Friday, May 13, 2022

Weather doom and gloom, and not just for me.

Well, after bugging out of S Uist last week I have been hiding behind Skye for 8 days, I have had a couple of very nice days with no wind, a couple wet with iffy winds when I went shopping by boat (shopping in Plockton is almost non-existent) and four days of strong winds and rain, on two of those days I have seen more than 45 knots and I only have the anemometer on occasionally and not overnight. Today it is still blowing old boots (F5-7 forecast) and I just measured a 30 knot (F7 almost F8) gust. 

The guys doing the OSTAR (single handed to the USA) are having a hard time of it and one competitor who I know, appears to have retired and is heading this way in his "Open 40" racer and I am standing by to meet him to help out if necessary.

Update: shortly after the report of him heading for Scotland his tracker failed, he was next seen off Ireland and the lifeboat went out to pick him up, which surprised him as he was quietly making his way to safety with no electrics, engine or self-steering and the first he knew of the rescue effort was an Irish Coastguard helicopter hovering overhead, he did not know that the sealed, battery powered tracker had failed so did not know an alert was out. With the lifeboat on hand, he naturally accepted the tow 30 or 40 miles to Ireland where he remained for weeks repairing the storm damage. Watch a video of Neil's account of what happened (opens in a new window)

I was a little late in turning the instruments on (it was raining and
was hunkered down in the cabin), 46 knots = F9 and, if sustained,
only 2 knots below Storm F10. Note how gusty it was (10th May).

The only way to stop the dinghy from taking off or flipping, which
would have done the outboard no good at all, was to haul it onto the
transom. On this occasion I had left the motor on the dinghy as it had
been raining when I got back from the village and such extreme gusts
where not in the forecast. 
The weather should improve over the weekend, hopefully this afternoon so I can eat ashore this evening, but strong winds and rain will be here again next week, although the models disagree on when.

2022 Plockton anchorage

Some pictures from the mooring 9th & 10th May, not the worst weather 
as I was not inclined to go out in the rain! 

I have been checking out multiple forecasts from operational models and some from "ensemble" medium range models, all show poor weather and some strong winds through next week but I saw a possible improvement from the 20th or 21st but the models available to me are not good at that range so I just spoke to a forecaster at who do a lot of work on medium range forecasts.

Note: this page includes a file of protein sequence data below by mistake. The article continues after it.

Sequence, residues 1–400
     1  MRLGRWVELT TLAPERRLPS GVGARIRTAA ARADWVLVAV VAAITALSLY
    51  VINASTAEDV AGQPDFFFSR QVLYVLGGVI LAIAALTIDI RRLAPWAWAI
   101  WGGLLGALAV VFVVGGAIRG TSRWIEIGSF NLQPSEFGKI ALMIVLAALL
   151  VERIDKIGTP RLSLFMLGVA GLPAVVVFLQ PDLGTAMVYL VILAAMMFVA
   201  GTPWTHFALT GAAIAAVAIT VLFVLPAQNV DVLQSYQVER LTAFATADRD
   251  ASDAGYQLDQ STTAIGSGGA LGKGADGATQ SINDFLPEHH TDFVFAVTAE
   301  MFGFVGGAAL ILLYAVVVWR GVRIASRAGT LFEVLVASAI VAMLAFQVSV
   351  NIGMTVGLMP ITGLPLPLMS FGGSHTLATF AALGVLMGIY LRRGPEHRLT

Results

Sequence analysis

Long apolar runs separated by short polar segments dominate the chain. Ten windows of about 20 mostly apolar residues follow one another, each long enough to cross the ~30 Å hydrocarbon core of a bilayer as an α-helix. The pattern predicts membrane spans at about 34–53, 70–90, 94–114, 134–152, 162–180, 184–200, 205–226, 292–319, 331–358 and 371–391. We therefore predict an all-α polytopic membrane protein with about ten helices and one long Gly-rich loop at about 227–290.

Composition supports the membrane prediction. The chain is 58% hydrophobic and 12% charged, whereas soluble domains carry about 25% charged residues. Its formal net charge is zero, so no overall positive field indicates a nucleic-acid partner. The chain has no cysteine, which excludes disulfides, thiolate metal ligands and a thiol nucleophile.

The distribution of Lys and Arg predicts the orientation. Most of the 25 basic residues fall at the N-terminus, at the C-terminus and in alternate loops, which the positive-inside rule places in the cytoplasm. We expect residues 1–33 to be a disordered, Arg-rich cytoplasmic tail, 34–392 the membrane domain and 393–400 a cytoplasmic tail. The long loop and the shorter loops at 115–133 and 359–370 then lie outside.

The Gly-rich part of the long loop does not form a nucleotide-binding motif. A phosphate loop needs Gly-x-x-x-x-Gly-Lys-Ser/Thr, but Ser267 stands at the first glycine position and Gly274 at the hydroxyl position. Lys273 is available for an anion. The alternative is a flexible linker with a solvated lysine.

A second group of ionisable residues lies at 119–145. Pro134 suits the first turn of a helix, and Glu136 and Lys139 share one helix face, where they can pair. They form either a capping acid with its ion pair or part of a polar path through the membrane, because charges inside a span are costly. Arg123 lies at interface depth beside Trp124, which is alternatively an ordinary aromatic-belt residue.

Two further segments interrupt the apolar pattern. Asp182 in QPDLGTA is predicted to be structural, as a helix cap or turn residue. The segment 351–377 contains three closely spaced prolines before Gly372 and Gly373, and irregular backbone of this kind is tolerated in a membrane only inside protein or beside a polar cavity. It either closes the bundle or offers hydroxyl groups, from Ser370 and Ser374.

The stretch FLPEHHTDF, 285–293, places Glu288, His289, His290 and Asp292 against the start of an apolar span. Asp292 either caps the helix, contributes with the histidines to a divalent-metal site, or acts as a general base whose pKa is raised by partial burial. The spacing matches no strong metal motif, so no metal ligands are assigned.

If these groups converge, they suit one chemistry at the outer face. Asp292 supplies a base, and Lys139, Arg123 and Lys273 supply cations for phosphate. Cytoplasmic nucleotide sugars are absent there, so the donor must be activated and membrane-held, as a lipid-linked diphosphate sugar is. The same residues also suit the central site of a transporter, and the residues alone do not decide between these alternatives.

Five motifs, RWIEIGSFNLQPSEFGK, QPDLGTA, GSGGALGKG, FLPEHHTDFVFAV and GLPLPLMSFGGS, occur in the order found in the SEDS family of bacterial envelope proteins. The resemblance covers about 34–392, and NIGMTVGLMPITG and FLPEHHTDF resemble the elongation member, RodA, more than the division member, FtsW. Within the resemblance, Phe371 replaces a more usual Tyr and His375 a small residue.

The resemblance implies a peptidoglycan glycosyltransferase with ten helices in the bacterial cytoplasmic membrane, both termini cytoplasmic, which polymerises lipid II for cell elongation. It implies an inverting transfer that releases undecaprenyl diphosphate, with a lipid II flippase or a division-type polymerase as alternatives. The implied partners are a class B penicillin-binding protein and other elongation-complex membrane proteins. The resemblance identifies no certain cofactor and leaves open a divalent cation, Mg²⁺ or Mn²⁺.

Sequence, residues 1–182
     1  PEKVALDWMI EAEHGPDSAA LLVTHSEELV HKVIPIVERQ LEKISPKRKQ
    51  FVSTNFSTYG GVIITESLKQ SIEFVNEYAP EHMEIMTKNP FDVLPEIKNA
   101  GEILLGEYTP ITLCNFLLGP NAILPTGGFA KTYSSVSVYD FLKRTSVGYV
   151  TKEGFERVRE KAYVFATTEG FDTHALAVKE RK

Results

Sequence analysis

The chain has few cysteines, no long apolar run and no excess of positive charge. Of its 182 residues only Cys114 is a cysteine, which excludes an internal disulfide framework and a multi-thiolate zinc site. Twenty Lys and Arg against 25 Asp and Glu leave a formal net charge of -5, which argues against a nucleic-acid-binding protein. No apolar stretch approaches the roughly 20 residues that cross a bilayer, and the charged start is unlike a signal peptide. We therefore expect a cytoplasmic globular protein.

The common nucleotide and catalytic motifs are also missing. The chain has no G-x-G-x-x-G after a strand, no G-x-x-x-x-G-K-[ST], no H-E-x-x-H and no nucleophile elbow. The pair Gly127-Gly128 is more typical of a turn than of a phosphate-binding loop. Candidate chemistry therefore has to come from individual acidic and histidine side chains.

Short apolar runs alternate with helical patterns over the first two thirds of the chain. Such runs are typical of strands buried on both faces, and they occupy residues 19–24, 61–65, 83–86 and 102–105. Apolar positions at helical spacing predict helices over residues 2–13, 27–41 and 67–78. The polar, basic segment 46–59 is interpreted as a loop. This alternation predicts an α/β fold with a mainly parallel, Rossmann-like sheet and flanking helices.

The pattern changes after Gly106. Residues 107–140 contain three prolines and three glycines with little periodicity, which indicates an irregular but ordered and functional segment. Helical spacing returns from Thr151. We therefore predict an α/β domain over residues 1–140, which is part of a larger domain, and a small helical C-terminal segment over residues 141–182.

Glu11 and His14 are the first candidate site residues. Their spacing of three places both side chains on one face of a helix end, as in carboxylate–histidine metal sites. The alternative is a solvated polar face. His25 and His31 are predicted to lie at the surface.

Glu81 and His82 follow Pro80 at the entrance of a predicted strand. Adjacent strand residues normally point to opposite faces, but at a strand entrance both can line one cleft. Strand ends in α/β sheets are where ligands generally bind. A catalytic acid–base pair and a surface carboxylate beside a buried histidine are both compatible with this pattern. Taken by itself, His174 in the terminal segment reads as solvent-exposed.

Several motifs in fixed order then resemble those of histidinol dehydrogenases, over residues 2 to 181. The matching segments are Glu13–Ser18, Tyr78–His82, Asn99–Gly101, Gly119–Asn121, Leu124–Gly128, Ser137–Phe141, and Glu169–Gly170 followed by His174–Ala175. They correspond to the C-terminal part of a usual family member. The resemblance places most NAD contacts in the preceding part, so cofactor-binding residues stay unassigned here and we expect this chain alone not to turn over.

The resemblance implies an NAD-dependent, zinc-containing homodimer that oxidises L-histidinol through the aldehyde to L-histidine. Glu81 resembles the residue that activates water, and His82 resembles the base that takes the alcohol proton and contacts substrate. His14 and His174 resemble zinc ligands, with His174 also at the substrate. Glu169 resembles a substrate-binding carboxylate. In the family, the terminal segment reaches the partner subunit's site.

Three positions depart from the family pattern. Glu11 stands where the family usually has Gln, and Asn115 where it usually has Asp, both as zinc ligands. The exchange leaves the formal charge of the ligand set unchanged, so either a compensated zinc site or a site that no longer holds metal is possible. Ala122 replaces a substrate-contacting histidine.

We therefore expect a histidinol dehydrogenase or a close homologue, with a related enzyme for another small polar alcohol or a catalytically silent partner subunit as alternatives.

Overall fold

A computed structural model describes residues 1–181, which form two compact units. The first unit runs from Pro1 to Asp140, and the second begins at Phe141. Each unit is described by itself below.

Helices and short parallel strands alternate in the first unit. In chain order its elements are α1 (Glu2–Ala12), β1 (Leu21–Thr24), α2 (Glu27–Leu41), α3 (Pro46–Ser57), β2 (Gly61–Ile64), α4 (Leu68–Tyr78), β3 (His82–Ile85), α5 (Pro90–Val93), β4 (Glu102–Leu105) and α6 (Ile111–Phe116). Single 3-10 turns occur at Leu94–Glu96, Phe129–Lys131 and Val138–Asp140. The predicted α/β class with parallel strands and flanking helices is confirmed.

They confirm that there should be better weather from around the 21st but that might not be long enough to let me get to St Kilda (the sea will need several days to calm down), it could also get messed up in the north if the expected high pressure that should give good weather in the south, does not get far enough north, a distinct possibility especially 50 miles west of the Outer Hebrides. Worse the analogue models (these compare current and recent weather with previous years to see what happened then) and others are suggesting weather in June and possibly July is likely to be very changeable and generally not good.

The conclusion is that I will sit it out for another week hopefully with some day sailing and review towards the end of next week, in any case dodging the weather I could probably only get as far as Tobermory in a week if I gave up now.  If a good enough window does not show to be opening I'll use the somewhat better weather to head for home as and when the weather permits, otherwise I'll not be home early enough to go for an autumn  cruise. For the same reason, if I get to St Kilda I will almost certainly head south rather than try for Shetland.

Plockton station before the rain and then the train arrived.
On Monday the 16th I went to Kyle of Lochalsh on a shopping trip, with my arthritic feet it was rather a long walk to the station in the dry, then the rain started a minute of so before the train arrived and was steady until just before I got back. By walking quickly to and from the large coop I was able to catch the same train as I had arrived on as it started its return trip avoiding a long wait and getting me back to Plockton in time for a second, less extravagant meal at the Plockton Inn.

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